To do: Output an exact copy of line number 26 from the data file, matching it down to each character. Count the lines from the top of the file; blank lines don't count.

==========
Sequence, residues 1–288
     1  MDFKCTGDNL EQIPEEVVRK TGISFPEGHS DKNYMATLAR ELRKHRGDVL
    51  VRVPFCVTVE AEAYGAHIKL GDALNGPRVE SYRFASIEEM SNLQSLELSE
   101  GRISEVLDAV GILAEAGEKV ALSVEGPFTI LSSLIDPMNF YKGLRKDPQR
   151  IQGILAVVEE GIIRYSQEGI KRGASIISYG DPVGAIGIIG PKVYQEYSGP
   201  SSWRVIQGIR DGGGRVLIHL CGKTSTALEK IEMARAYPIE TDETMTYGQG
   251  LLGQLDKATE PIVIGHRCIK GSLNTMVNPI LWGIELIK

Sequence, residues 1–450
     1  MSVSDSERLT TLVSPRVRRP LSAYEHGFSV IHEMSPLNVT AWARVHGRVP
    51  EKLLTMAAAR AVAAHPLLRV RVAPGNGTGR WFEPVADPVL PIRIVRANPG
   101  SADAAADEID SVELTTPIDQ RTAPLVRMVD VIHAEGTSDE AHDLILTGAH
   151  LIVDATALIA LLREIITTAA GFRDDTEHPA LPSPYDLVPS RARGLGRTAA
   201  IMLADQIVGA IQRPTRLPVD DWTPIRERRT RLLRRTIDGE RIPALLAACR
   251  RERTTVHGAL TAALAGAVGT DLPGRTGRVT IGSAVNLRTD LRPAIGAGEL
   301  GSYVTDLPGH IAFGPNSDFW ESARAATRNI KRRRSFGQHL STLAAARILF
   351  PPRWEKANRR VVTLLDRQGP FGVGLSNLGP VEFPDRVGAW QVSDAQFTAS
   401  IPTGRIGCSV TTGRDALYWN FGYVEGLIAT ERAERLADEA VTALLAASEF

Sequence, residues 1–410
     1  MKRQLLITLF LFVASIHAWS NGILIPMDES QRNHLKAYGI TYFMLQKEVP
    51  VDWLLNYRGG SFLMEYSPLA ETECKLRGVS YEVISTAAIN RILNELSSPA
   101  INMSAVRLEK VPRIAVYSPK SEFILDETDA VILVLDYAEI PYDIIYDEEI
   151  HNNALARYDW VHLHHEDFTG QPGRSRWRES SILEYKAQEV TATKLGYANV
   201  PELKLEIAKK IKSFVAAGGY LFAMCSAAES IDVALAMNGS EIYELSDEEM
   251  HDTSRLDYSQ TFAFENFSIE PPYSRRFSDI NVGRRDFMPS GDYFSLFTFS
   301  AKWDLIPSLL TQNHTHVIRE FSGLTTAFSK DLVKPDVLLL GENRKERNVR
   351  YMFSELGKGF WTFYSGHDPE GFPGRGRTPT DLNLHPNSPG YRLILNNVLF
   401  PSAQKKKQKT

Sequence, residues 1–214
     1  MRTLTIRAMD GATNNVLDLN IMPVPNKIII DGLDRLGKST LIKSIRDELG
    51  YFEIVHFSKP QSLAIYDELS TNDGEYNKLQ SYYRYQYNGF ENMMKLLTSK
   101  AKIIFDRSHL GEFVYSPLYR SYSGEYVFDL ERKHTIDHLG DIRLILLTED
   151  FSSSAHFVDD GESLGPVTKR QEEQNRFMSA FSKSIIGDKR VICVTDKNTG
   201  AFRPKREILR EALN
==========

   351  YMFSELGKGF WTFYSGHDPE GFPGRGRTPT DLNLHPNSPG YRLILNNVLF